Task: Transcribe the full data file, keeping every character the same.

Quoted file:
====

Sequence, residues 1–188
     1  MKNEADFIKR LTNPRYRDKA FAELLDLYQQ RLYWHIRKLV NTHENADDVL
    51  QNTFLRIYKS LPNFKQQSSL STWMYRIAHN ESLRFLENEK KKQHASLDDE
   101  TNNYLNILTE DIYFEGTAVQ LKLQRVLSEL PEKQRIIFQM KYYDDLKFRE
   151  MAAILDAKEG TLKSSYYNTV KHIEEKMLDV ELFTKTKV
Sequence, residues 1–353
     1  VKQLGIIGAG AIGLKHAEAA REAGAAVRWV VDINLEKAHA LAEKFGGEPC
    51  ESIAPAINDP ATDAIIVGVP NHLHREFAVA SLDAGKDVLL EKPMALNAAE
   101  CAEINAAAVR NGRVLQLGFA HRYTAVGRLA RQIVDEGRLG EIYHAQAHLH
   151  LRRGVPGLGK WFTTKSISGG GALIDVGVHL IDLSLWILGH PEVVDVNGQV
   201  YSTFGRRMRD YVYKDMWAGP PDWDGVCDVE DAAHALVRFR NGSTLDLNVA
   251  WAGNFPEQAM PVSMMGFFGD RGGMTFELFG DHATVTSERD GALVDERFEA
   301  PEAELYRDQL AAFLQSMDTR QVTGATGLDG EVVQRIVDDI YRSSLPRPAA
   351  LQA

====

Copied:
Sequence, residues 1–188
     1  MKNEADFIKR LTNPRYRDKA FAELLDLYQQ RLYWHIRKLV NTHENADDVL
    51  QNTFLRIYKS LPNFKQQSSL STWMYRIAHN ESLRFLENEK KKQHASLDDE
   101  TNNYLNILTE DIYFEGTAVQ LKLQRVLSEL PEKQRIIFQM KYYDDLKFRE
   151  MAAILDAKEG TLKSSYYNTV KHIEEKMLDV ELFTKTKV
Sequence, residues 1–353
     1  VKQLGIIGAG AIGLKHAEAA REAGAAVRWV VDINLEKAHA LAEKFGGEPC
    51  ESIAPAINDP ATDAIIVGVP NHLHREFAVA SLDAGKDVLL EKPMALNAAE
   101  CAEINAAAVR NGRVLQLGFA HRYTAVGRLA RQIVDEGRLG EIYHAQAHLH
   151  LRRGVPGLGK WFTTKSISGG GALIDVGVHL IDLSLWILGH PEVVDVNGQV
   201  YSTFGRRMRD YVYKDMWAGP PDWDGVCDVE DAAHALVRFR NGSTLDLNVA
   251  WAGNFPEQAM PVSMMGFFGD RGGMTFELFG DHATVTSERD GALVDERFEA
   301  PEAELYRDQL AAFLQSMDTR QVTGATGLDG EVVQRIVDDI YRSSLPRPAA
   351  LQA